BWW Review: WOLF PLAY at Company One Theatre
With director Summer L Williams firmly planted at the helm (and occasionally keeping tally of attendance at the door), Company One Theatre has entered the 2020s with all cannons firing. Full blast. Their target? The redundancy of the contemporary theatre scene in Boston. Each cannon is eruditely aimed, poised to dismantle the structures of mundane, middle-class realism or dated works clinging by threads to their decomposing canonization, and herald in a new era where theatre can captivate, engage, and enrich audiences in ways that no other art form will ever be able to achieve. I am wary of throwing around superlative language in reviews, (all art is subjective, do I really hold any superior expertise on this matter?) but Jared Bowen recently called one of Lyric Stage's shows "the first must-see show of the year." For me, Company One's production of Hansol Jung's Wolf Play is that. Especially since the company's partnership with the Boston Public Library has allowed all tickets to be sold at "pay-what-you-want" prices (ranging from $0-$50), I am disappointed to be catching this show only a week before closing, as I would most likely otherwise be returning to see it again.
For a long time within their history, Company One has cornered the market in Boston for selecting those cutting-edge new works that are able to effectively spark conversations and juxtaposing them against each other in ways that are both productive and incendiary. Hats off to Director of New Work, Ilana M Brownstein, as well as National New Play Network (NNPN) Producer in Residence, Jasmine Brooks, and the entire administrative staff for selecting, through NNPN, such a well-crafted text for a rolling premiere. Jung, who may be best known in Boston for her equally nuanced play, Cardboard Piano, does not stoop to begin with a message, as seems to be in vogue for playwrights right now. She does not set out to teach us anything in a certain, straightforward lecture subdivided into all-too-interchangeable dialogue. Instead, the genesis of her play seems to center around the hypothetical. As one character explains in a moment of meta-theatricality, the evening is nothing more than a series of 'what if?'s. What if a young boy was adopted from Korea by a "not-future-oriented" white couple who have given up on having any biological children of their own? What if, once that couple is able to conceive, the boy is again put up for adoption? What if he is adopted by a lesbian couple, and his adoptive father is not entirely thrilled with the prospect of two women raising a boy? By asking these questions and not providing answers, Jung has effectively done what so many playwrights and their commissioners claim to want. She has created a work with the potential to generate conversations that lead to growth and change. Set against the thorough dramaturgical work one can expect from Company One, the production introduces issues within the idea of transracial adoption, America's systems for adoption, and the thin line between "vulnerability and violence".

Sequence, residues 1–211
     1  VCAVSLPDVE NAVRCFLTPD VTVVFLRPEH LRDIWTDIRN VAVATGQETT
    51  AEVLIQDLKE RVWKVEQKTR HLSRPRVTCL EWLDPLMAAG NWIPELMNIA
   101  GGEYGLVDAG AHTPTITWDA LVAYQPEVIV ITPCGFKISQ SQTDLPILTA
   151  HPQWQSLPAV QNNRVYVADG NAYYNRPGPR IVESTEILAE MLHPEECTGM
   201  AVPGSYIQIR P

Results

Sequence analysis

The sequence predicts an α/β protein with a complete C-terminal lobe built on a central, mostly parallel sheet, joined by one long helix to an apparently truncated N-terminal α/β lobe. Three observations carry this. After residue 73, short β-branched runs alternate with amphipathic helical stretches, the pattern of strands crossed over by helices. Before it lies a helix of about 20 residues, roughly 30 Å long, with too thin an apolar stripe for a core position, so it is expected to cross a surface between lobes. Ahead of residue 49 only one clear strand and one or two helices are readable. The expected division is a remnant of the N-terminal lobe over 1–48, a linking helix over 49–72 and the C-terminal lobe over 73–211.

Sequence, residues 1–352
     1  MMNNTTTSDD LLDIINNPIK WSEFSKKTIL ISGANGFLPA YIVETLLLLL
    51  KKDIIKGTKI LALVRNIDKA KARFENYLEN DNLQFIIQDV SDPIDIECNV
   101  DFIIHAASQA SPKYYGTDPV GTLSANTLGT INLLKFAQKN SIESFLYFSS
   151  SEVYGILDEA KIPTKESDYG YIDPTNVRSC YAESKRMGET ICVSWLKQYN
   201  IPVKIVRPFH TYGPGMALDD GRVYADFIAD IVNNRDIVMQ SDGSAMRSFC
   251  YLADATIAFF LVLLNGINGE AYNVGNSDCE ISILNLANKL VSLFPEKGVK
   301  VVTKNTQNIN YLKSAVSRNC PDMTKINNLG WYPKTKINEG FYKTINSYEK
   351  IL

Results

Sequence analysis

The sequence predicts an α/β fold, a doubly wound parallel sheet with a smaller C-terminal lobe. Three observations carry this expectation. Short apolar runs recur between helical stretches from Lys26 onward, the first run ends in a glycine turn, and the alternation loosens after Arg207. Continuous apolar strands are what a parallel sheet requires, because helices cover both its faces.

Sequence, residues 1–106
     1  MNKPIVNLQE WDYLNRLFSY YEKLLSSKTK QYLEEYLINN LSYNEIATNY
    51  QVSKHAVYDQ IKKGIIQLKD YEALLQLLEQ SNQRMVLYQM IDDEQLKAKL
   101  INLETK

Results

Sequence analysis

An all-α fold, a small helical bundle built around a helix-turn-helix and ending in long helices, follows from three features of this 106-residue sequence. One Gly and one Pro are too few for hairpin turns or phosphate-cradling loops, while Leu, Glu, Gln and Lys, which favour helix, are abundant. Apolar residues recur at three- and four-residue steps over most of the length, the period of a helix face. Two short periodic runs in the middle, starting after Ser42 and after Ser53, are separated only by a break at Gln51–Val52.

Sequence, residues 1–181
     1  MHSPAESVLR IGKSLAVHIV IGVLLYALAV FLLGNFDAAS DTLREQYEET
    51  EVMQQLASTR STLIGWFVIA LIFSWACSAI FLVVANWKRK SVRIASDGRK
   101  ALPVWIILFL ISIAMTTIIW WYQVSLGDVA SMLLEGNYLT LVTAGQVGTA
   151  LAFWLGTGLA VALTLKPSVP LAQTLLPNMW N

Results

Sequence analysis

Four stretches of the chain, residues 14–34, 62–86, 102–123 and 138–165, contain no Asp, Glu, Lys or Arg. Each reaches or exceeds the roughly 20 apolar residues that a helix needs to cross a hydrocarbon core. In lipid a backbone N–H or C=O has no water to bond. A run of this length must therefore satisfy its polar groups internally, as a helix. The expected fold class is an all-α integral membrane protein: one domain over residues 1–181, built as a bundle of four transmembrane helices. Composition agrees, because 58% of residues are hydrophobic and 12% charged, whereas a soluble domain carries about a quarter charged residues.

Jung wields language in a way that is grating on the soul, slinging words like 'deranged', 'feral', and 'demented', at the character of a young boy, evidently navigating trauma. The universality of her characters' cruelty and misunderstandings broaden the scope of that which the play comments on, inviting in our timely friends, racism, misogyny, xenophobia, and homophobia. However, just as the play explains to us, "the truth is jiggly", and therefore no behavior is dubiously portrayed or condemned in anticipation. Instead, we see on stage the flawed, destructive, unfeeling coldness that is strenuous to witness from anyone but ourselves. And it is shone at us through an unrelenting beam.